When asked what motivated her late mother, Gloria Kolker Hack, to risk her life and freedom helping Soviet Jews leave the USSR, Nancie Grossman reflected on her family’s involvement in another historical feat. Her family also worked to outfit the SS President Warfield, later known as the Exodus 1947, which would attempt to carry thousands of Jewish refugees to British-controlled Palestine.
“You could say my whole family’s life was devoted to Jewish causes,” said Grossman, a resident of Mission Viejo, Calif.
Hack, who went on missions to the Soviet Union to help Jewish people, died Aug. 31 at 96 from congenital heart failure.
Born on July 31, 1925 to Benjamin and Miriam Alter Kolker, Hack was both the only girl and the valedictorian of her Hebrew school class at Chizuk Amuno Congregation, Grossman said. While still a child, she would travel by boat to visit her cousins in Virginia on, as fate would have it, the Warfield, back when it was a simple commercial vessel and prior to its more famous role in history. Hack later received a bachelor’s degree in art history from Goucher College and did graduate work in psychology at Johns Hopkins University.
Alongside her older brother Fabian Homer Kolker, Hack took up the cause of the Soviet Jewry movement herself, Grossman said. This international movement fought for the rights of Soviet Jews to emigrate. (Those that were denied the right to emigrate by the Soviet Union were called “refuseniks.”) Hack and her brother went on missions to visit refuseniks and help get them out. This included figures such as Natan Sharansky, one of the most famous refuseniks who would later be elected to the Israeli Knesset, as well as dancers Valery and Galina Panov. The siblings also brought Judaica, such as siddurs or tallitot, into the Soviet Union, where Jewish people had little access to Jewish materials.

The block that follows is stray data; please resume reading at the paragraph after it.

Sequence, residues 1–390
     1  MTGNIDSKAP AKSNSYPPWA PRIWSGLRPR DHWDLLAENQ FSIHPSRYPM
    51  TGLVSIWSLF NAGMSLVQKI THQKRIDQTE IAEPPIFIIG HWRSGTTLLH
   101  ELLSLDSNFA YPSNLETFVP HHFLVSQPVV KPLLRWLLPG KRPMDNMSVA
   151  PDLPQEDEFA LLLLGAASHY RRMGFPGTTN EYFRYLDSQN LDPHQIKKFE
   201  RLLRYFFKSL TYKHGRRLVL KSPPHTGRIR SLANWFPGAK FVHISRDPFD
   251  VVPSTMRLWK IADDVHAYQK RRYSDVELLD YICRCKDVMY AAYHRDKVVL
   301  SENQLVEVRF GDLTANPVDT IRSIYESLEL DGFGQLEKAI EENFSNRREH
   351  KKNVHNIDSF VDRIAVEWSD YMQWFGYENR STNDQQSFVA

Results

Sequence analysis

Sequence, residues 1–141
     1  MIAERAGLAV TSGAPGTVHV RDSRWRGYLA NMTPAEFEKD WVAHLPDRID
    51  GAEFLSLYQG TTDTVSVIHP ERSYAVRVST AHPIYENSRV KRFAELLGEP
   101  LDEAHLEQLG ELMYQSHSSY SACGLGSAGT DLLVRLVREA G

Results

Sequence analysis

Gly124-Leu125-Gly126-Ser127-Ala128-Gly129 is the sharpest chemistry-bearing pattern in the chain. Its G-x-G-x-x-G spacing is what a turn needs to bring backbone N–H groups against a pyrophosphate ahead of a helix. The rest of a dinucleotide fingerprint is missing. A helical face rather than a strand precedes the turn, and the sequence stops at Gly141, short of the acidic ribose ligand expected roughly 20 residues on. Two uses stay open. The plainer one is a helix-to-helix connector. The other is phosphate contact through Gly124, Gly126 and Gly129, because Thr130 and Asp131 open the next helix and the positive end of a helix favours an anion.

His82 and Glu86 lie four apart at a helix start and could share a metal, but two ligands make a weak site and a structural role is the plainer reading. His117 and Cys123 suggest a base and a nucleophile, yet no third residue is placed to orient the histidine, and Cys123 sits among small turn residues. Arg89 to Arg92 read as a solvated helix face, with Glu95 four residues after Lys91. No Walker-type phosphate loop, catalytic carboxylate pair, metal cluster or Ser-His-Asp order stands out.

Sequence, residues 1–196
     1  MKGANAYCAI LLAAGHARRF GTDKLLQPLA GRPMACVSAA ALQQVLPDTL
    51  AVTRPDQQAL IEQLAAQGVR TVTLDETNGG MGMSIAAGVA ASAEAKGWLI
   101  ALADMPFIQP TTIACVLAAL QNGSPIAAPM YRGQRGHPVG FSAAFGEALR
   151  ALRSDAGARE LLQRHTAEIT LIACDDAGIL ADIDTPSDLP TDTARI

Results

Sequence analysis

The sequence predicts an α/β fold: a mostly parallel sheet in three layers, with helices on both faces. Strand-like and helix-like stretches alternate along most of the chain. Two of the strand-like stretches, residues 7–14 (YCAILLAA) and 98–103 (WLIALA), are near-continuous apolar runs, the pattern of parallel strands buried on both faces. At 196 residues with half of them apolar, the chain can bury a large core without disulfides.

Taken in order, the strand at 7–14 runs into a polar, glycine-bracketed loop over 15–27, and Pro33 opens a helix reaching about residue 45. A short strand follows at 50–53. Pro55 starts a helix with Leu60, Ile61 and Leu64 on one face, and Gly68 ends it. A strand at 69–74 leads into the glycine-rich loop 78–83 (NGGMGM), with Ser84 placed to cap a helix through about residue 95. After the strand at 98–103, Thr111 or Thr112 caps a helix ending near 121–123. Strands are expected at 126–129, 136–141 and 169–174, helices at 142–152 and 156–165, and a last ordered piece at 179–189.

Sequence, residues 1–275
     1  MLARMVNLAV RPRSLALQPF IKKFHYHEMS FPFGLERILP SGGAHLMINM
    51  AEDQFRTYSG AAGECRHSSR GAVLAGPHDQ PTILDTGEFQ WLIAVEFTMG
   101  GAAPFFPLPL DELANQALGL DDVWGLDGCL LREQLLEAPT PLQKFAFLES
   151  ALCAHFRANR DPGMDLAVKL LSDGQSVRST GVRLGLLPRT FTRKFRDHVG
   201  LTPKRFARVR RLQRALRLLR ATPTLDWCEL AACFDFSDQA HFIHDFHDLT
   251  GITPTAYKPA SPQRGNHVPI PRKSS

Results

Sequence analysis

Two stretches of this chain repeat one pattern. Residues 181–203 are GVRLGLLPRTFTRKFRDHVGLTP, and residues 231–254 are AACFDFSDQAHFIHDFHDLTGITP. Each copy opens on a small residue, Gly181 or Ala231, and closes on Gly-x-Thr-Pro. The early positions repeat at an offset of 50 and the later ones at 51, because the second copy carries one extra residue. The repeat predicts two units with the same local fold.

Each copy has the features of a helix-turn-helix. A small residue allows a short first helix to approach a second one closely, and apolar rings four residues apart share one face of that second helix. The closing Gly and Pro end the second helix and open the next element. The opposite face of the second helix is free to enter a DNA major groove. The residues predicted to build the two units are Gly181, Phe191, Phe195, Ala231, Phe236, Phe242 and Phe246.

To avoid arousing the suspicions of operatives working for the KGB, the Soviet Union’s secret police and intelligence agency, Hack and her brother developed a type of coded language. They also used other tactics to evade Soviet authorities, Grossman said.
“My uncle would go to one security line, and she would go to another one,” Grossman said. “So if either one of them got caught the other could still help the other one, somehow.
“It’s just amazing what they were able to accomplish — under the eye of the KGB, I might add,” Grossman said.
Hack’s actions for Soviet Jewry brought her to the attention of more than one Israeli prime minister. She personally met both Golda Meir and Menachem Begin.
Hack’s nephew, Dr. Richard Kolker, described both her and his father Fabian Kolker’s actions in the Soviet Union as heroic. He recalled how the family would hope and pray they would be allowed to leave during each trip.
“She was lovely in appearance and lovely in her soul,” Richard Kolker said.
Outside of her work for the Soviet Jewry movement, Hack spent 15 years as a GED adult education teacher for Baltimore City Public Schools and served as president of a local branch of Hadassah.
Hack married Morton Hack in 1945, and they remained married until his death in 1991, Grossman said. Afterward, she had a relationship with James Ross, whom Grossman described as “her second love,” until his death in 2004.
Grossman remembers her mother as vivacious, caring, always interested in what others thought and capable of unconditional love. Her reputation as a doer of good deeds earned her the name of “mitzvah queen.”
In addition to Grossman, Hack is survived by children Steve (Sandra) Hack and Joanne Hack; granddaughters Lili Miriam Blanche Grossman and Sarah Rachel Hack Luria (Dr. Justin Luria); great-grandson Levi Luria; and by many nieces, nephews, cousins and friends.